Mullinax said he was most locked in during the Rams’ victory in the 2016 state championship against Greybull.

“I just felt light that game, like I could do anything,” Mullinax said. “I kind of had that mindset and I’ve always tried to recapture that.”

To play his best, Mullinax works himself into a rage in the few hours before kickoff, blaring music in his headphones and barely speaking to anyone. He then takes that anger out on the field.

“It doesn’t really matter who I’m playing,” Mullinax said. “It’s not even a specific memory, I just get mad.”

Marcure called it awe-inspiring to see Mullinax dominate a game and leave multiple defenders in his wake. He sometimes flattens multiple opponents on the same play.

“It’s absolutely amazing to watch him take over,” Marcure said. “Just absolutely move a guy against his will, or do it three times over on a play: knock a guy down, keep going, knock another guy down. It’s so much fun to watch.”

Mullinax shared similar sentiments.

“The whole point of football is physicality,” Mullinax said. “When you make somebody feel like they can’t even do anything against you, that’s a pretty fun feeling.”

Mullinax has also sharpened his focus and control this year. In previous seasons, he would get called for penalties and personal fouls for late hits. Mullinax hasn’t had any such errors this year.

“He’s learned the kind of game he needs to play for us, and that’s huge,” Marcure said.

This season, Mullinax ranks fourth on the team with 97 defensive points. He has 56 tackles, six tackles for loss, two sacks and a blocked kick.

Numbers don’t tell the full story, however. Big Horn has thoroughly outclassed its opponents this year, so Mullinax has rarely played more than three quarters in any game. Moreover, there are no official stats for offensive linemen.

Marcure, though, grades every blocker on how well they performed each play. The assistant coach is usually pleased if a player executes his task on at least 70 percent of the offensive plays. As a freshman, Mullinax would block correctly on only about 20 percent of plays. This year, he often receives 90 percent.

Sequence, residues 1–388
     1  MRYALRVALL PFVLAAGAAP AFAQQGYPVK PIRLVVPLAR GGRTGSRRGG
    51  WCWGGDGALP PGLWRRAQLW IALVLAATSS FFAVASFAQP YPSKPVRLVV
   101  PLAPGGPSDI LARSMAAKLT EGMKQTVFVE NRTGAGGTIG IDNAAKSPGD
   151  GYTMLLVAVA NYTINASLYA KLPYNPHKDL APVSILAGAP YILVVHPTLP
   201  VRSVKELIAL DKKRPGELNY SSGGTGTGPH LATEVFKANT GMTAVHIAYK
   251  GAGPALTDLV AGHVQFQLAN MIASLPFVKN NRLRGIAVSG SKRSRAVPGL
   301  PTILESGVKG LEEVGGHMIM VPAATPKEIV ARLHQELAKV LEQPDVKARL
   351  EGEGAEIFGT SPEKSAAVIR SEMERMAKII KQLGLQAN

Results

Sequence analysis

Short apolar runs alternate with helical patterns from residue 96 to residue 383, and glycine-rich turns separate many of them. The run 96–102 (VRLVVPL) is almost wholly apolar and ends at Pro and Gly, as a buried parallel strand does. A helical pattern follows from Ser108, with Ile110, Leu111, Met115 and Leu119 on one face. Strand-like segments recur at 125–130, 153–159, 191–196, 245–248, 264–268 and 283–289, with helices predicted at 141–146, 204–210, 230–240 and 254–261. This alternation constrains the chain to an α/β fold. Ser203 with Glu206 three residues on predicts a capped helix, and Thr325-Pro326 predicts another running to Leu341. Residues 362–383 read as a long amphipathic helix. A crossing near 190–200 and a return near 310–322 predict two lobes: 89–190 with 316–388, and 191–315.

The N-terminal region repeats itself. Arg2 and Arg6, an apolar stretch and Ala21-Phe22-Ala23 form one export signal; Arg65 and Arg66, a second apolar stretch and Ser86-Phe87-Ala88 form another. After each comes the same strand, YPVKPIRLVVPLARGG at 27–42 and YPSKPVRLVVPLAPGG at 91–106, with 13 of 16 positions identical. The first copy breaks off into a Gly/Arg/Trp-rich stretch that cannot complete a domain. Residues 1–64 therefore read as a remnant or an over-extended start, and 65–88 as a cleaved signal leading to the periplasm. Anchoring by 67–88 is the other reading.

“His mistakes are few and far between,” Marcure said. “Seth is one of our leaders in assignment, alignment and effort the last two years; most definitely effort.”

Saturday will mark the final game of Mullinax’s high school football career, but he plans to continue playing the sport at the collegiate level.

Mullinax has received interest from multiple Division I schools, including a preferred walk-on offer from Nebraska and a partial scholarship from Montana. He also has several offers from Division II and NAIA colleges.

Mullinax said it is bittersweet to see his senior year wind down.

“Of course I want to win state, but I don’t want [the season] to end,” Mullinax said. “If I could play one more week of football, I would. That’s kind of [why] I want to play college football. I want to keep it going, no matter where I go.”

Mullinax has evolved from a timid freshman to a player who strikes fear and appreciation into the hearts of opponents.

He and the Rams face Cokeville Saturday at 1 p.m. in Laramie at War Memorial Stadium.

By |Nov. 9, 2018|

About the Author:

Ryan Patterson joined The Sheridan Press staff as a reporter covering education, business and sports in August 2017. He's a native of Wisconsin and graduated from Marquette University with a bachelor's in journalism in May 2017. Email him at: